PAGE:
Get unlimited access to videos, live online training, learning paths, books, tutorials, and more. No credit card required The Entity Relationship Model At a basic level, databases store information about distinct objects, or entities, and the associations, or relationships, between these entities. For example, a university database might store information about students, courses, and enrollment.
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A student and a course are entities, while an enrollment is a relationship between a student and a course. Similarly, an inventory and sales database might store information about products, customers, and sales.
A product and a customer are entities, while a sale is a relationship between a customer and a product. A popular approach to conceptual design uses the Entity Relationship ER model, which helps transform the requirements into a formal description of the entities and relationships that appear in the database. In the ER diagram, an entity set is represented by a rectangle containing the entity name.
An entity set is represented by a named rectangle We typically use the database to store certain characteristics, or attributes, of the entities.
In a sales database, we could store the name, email address, postal address, and telephone number for each customer. Attributes describe the entity they belong to. An attribute may be formed from smaller parts; for example, a postal address is composed of a street number, city, ZIP code, and country. Some attributes can have multiple values for a given entity. For example, a customer could provide several telephone numbers, so the telephone number attribute is multivalued.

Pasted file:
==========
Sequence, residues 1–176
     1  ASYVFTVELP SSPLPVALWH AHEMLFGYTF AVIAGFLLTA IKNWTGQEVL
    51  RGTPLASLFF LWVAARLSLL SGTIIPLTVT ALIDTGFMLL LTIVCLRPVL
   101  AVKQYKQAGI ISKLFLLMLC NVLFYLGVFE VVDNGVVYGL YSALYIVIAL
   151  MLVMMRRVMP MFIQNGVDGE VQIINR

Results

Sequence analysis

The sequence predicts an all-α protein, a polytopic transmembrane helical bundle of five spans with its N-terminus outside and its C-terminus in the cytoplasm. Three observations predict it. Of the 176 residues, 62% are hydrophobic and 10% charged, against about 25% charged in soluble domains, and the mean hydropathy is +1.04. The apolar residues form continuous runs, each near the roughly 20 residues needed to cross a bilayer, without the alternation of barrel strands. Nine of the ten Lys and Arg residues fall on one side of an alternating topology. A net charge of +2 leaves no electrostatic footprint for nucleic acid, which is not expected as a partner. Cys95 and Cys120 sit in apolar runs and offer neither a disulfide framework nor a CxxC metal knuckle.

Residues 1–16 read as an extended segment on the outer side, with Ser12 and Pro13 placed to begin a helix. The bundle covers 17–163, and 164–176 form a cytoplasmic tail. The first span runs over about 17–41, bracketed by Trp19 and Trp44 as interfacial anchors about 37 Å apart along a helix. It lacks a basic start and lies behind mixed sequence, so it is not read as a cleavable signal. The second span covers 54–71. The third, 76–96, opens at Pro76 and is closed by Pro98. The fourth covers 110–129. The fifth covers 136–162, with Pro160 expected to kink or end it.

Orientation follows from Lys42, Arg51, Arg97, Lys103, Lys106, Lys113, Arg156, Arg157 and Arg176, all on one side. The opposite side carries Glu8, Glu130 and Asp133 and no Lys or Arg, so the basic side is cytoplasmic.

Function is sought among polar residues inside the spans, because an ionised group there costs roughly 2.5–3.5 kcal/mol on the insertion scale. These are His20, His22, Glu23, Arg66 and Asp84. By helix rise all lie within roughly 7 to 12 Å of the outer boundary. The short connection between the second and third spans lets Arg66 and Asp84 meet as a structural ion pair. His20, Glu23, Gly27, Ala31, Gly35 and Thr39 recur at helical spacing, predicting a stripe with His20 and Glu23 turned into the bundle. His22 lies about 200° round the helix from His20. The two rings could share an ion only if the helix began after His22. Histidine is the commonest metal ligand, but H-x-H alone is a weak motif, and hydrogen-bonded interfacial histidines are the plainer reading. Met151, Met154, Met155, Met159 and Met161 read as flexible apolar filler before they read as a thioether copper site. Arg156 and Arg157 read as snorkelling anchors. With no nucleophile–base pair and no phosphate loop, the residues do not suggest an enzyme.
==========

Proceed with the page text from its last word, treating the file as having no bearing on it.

Attributes help distinguish one entity from other entities of the same type.
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We could use the name attribute to distinguish between customers, but this could be an inadequate solution because several customers could have identical names. To be able to tell them apart, we need an attribute or a minimal combination of attributes guaranteed to be unique to each individual customer. The identifying attribute or attributes form a key.
In our example, we can assume that no two customers have the same email address, so the email address can be the key. However, we need to think carefully about the implications of our choices. For example, if we decide to identify customers by their email address, it would be hard to allow a customer to have multiple email addresses.
Any applications we build to use this database might treat each email address as a separate person, and it might be hard to adapt everything to allow people to have multiple email addresses. Clearly, there may be several possible keys that could be used to identify an entity; we choose one of the alternative, or candidate, keys to be our main, or primary, key. You usually make this choice based on how confident you are that the attribute will be non-empty and unique for each individual entity, and on how small the key is shorter keys are faster to maintain and use.
Attributes comprising the primary key are shown underlined. The parts of any composite attributes are drawn connected to the oval of the composite attribute, and multivalued attributes are shown as double-lined ovals.
Similarly, a product price could be a positive rational number. Attributes can be empty; for example, some customers may not provide their telephone numbers.
You should think carefully when classifying an attribute as multivalued: The sales database requirements may specify that a product has a name and a price. To distinguish between products, we can assign a unique product ID number to each item we stock; this would be the primary key.